Suffering flesh spectacular bodies : connecting costume and cinema through an analysis of symbolism, myth and ritual

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dc.contributor.author Fanning, Louise
dc.date.accessioned 2012-04-16T02:08:18Z
dc.date.accessioned 2012-12-15T03:53:32Z
dc.date.available 2012-04-16T02:08:18Z
dc.date.available 2012-12-15T03:53:32Z
dc.date.issued 2011
dc.identifier.uri http://hdl.handle.net/2100/1299
dc.identifier.uri http://hdl.handle.net/10453/20363
dc.description University of Technology, Sydney. Faculty of Design, Architecture and Building. en
dc.description.abstract This thesis connects an understanding of the appearance of the hero in certain contemporary films to the field of costume theory, through an analysis of symbol, myth and ritual. The study has two underlying motivations. The first is that the narratives of many films, consciously or unconsciously, are informed by hero’s journey myths, as described by Joseph Campbell in The Hero with a Thousand Faces (1949), a work that has been influential in Hollywood film scripting. The second is to understand certain observations made by myself during my work as a costume designer over twenty years. In Chapter 1, I discuss psychoanalyst C. G. Jung’s approach to myth and symbol (mentioned by Campbell and often alluded to by film-makers), referring mainly to the appearance of Neo (Keanu Reeves) in the Matrix trilogy (1999, 2003) and that of Randy ‘the Ram’ Robinson (Mickey Rourke) in The Wrestler (2008), and drawing upon images from the myths of Inanna, Queen of Heaven and Earth (Sumerian, c. 2000 BCE) and Dionysus (Greek, c. 500 BCE). Chapter 2 extends Jane Gaines’ theory of spectacular costume by arguing that the appearance of the hero in films includes certain attributes of culture typical of the ancient magician-king. Rather than simply being ‘a sign’ for the plot, the hero’s often seemingly inexplicable appearance is intended to lift viewers beyond themselves into an experience of the numinous. Continuing with the motif of the hero as magicianking, Chapter 3 discusses the significance of the mask for costume theory. The mask was a motif of the god Dionysus in ancient Greek religious rituals and was used in the Greek tragic theatre of c. 500–400 BCE, performed to honour the god. I show how the closeness of the mask to the body creates a sense of distance or strangeness that has an ambiguous and uncanny representational power; it leads the viewer out of the literal experience of the body to an experience of other selves, felt as an emotional encounter with life. Finally, Chapter 4 further investigates transformation through symbolism of death, or more appropriately ‘non-death’, which in the hero’s journey points towards rebirth. Images of the body in a state of dismemberment and stasis signal the emergence of a new symbol-set for the hero, and also the spectator, that points towards a more vibrant way of showing the effects of living. en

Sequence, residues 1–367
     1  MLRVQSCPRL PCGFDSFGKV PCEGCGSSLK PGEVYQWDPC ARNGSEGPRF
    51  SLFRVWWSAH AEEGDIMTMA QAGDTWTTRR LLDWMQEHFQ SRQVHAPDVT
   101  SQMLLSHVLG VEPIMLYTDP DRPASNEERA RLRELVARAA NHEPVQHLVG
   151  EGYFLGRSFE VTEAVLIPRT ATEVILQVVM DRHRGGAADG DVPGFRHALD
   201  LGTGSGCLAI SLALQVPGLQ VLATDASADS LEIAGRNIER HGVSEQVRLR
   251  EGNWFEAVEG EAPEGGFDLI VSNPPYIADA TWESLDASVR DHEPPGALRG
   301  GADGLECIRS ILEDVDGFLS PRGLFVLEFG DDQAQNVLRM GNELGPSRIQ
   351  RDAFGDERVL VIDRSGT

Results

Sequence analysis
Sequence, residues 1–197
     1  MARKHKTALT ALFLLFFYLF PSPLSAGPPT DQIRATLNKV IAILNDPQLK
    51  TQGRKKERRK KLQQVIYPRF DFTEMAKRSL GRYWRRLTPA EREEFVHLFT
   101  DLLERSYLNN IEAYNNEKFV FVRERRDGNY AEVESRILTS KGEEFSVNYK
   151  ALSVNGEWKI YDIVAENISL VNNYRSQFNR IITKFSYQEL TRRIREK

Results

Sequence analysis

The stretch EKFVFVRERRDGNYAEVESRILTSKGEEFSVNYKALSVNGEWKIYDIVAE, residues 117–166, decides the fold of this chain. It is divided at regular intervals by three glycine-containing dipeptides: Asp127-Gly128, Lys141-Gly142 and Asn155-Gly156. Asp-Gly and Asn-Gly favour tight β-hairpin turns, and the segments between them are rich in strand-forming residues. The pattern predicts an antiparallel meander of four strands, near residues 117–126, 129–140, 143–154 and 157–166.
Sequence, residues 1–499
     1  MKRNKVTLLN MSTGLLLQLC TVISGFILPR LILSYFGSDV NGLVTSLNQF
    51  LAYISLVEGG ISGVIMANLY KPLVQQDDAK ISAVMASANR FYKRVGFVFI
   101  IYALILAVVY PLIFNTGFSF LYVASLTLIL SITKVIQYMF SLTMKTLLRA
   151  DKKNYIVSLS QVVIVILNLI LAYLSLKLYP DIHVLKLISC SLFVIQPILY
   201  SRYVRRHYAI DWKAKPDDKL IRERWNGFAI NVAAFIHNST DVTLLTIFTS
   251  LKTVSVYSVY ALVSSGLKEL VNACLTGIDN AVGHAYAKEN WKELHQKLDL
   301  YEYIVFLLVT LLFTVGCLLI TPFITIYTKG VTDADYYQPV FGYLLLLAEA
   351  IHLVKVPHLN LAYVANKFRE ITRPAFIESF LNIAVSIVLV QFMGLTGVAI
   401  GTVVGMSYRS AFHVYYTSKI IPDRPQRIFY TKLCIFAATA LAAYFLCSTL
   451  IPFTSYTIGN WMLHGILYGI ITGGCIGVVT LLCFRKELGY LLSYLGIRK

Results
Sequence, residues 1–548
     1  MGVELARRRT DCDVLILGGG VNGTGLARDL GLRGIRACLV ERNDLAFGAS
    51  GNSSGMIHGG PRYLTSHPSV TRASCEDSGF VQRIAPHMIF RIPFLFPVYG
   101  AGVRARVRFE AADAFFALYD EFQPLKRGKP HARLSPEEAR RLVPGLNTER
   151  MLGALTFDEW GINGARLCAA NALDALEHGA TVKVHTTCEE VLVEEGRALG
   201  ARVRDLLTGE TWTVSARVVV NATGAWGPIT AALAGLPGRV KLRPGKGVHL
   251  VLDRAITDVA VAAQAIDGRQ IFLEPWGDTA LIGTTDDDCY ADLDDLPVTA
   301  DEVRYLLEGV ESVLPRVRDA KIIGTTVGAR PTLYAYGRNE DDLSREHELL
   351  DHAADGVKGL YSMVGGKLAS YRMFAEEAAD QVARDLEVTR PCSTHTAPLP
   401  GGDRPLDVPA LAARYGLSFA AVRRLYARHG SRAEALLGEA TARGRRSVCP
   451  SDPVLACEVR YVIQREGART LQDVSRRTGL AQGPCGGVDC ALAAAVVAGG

dc.language.iso en en
dc.subject Cinema. en
dc.subject Costume. en
dc.subject Symbols. en
dc.subject Myth. en
dc.title Suffering flesh spectacular bodies : connecting costume and cinema through an analysis of symbolism, myth and ritual en
dc.type Thesis (MDesign) en


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